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U.S., Japan roar into Cup final

FRANKFURT, Germany (AP) ― Both call teamwork the highest good and both are in the final of the World Cup after 3-1 victories. Yet few teams could be as different as the United States and Japan.

The U.S. team again fed off the emotional high of overcoming fatigue and setbacks to find exhilarating unity and late goals to beat France.

Japan, meanwhile, prided itself on an inner calm when it trailed Sweden early and stuck tightly to coaching instructions to methodically fight back and win.

It leaves the U.S., a perennial power, to face the first-time finalist in Sunday’s title match at the three-week tournament.

“These wins, we can’t do it alone. We know a whole nation is cheering us on,” said U.S. forward Wambach after scoring the go-ahead goal late in the match. “We believe in ourselves and we’re in the final.”
Homare Sawa (top) of Japan celebrates her goal against Sweden. (Xinhua-Yonhap News)
Homare Sawa (top) of Japan celebrates her goal against Sweden. (Xinhua-Yonhap News)
Abby Wambach of the U.S. celebrates her goal against France. (AP-Yonhap News)
Abby Wambach of the U.S. celebrates her goal against France. (AP-Yonhap News)

After their spectacular escape against Brazil in a quarterfinal ending in a penalty shootout, the semifinal was bound to be a letdown in comparison. Victory though, gave the Americans their first final since winning the title in 1999.

“We didn’t play well today,” U.S. coach Pia Sundhage said. “However, we find a way to win and that’s a credit to the players’ hearts.”

Wambach broke a tense 1-1 deadlock with a big header from Lauren Cheney’s corner kick in the 79th minute. Cheney delivered the ball perfectly to the far post, and Wambach jumped over the scrum and French goalkeeper Berangere Sapowicz to put it in the empty net. It was Wambach’s third goal of the tournament and 12th of her career, putting her level with fellow American Michelle Akers for third on the all-time World Cup scoring list.

Alex Morgan added an insurance goal in the 82nd, the first for the World Cup rookie.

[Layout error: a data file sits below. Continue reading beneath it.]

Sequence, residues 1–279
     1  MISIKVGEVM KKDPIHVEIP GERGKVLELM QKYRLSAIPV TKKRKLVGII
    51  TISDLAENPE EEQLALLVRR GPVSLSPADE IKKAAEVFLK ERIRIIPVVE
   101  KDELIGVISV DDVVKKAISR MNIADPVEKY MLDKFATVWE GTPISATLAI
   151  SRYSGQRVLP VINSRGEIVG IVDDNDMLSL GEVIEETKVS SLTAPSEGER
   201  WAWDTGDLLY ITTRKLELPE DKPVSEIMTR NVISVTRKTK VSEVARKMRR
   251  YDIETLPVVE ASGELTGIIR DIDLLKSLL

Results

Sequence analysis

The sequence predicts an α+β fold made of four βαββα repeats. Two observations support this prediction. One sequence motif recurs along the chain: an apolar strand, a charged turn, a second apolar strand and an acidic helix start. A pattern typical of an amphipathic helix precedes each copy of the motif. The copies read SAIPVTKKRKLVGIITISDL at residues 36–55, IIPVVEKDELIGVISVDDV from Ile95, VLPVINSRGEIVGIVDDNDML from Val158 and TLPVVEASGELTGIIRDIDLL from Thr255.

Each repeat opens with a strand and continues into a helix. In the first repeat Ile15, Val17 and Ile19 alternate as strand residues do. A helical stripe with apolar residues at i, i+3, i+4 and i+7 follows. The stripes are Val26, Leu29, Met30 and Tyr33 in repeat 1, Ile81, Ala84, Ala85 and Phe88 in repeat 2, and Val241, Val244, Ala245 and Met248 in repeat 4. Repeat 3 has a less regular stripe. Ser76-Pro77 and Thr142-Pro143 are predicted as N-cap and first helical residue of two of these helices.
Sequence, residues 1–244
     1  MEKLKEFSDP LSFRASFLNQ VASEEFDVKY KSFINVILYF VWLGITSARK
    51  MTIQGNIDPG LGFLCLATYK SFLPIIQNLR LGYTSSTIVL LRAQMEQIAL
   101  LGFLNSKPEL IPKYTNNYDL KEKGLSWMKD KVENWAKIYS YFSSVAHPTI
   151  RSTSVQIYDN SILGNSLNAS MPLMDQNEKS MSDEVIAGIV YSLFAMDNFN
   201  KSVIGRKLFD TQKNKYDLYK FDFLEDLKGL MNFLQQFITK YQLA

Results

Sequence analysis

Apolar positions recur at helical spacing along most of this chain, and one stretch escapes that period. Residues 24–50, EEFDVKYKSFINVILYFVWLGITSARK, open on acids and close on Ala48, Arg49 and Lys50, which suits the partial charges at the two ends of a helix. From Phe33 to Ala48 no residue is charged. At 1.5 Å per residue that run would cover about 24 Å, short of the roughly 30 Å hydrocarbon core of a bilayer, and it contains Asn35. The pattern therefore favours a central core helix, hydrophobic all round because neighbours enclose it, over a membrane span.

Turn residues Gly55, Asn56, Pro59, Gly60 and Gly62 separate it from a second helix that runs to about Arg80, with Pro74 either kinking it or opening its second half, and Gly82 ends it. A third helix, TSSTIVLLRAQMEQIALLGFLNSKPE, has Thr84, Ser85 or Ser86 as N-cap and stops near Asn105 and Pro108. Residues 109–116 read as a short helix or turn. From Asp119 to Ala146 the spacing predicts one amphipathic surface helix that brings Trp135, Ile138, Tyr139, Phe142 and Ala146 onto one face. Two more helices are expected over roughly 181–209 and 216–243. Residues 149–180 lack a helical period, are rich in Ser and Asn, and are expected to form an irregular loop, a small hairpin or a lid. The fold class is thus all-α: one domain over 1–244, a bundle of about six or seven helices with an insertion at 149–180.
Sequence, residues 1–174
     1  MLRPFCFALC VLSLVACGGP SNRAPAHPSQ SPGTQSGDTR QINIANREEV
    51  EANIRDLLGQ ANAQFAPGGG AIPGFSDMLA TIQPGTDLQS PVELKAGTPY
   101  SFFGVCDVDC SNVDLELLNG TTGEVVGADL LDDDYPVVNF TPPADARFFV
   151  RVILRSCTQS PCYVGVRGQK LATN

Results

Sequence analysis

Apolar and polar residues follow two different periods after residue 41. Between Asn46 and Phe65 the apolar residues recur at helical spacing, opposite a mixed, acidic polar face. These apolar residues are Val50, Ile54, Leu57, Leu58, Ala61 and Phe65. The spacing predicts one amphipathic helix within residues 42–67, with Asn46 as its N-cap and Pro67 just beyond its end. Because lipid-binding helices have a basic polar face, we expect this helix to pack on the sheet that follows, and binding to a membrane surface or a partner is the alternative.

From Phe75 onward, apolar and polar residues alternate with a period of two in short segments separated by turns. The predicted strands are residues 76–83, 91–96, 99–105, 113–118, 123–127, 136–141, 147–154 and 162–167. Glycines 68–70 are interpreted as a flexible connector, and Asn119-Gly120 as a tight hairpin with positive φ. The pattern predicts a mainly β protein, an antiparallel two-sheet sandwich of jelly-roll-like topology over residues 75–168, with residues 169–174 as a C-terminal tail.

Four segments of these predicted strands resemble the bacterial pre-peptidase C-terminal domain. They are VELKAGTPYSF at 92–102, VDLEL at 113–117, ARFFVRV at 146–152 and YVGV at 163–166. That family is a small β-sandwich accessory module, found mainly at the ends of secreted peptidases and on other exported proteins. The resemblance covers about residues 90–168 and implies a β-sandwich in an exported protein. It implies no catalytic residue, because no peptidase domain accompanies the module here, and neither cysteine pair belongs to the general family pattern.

Despite the loss, the World Cup was a resounding success for the French, who made their first appearance in the semifinals and qualified for next summer’s London Olympics.

The Americans had only two days’ rest following the Brazil game, their quickest turnaround of the tournament, and there had been concern that fatigue or emotions might get the best of them. But Wambach, who has been playing with an Achilles’ tendon so sore it often keeps her out of practice, again kept going till the difference was made.

“In the end, we’re in the finals,” Wambach said, “and that’s all that matters.”

To Japan, a whole lot more matters.

The Japanese players always had more on their minds than their next game in the marquee event for women’s football. In the wake of the March 11 tsunami and earthquake, they wanted to provide a feel-good story for fans back home.

And they came through.

Following their latest win, they again unfurled a huge banner that said “To our Friends Around the World ― Thank You for Your Support,” referring to the global outpouring of aid after the tsunami, that left nearly 23,000 dead or missing.

“What we have been doing so far is very good for Japan,” Sasaki said. “We are still recovering from the disaster. there were so many victims,” he said.

“Even little things, like a win, can give people courage and hope.”

Captain Homare Sawa made up for a huge error by scoring the go-ahead goal and push Japan toward its first final.

Surprise call-up Nahomi Kawasumi had two goals for Japan. She had just played 29 minutes in the tournament before coach Norio Sasaki started her in Japan’s biggest game ever.

“She is very tough and fit,” he said. “I didn’t ask her to score two goals but she did an excellent job.”
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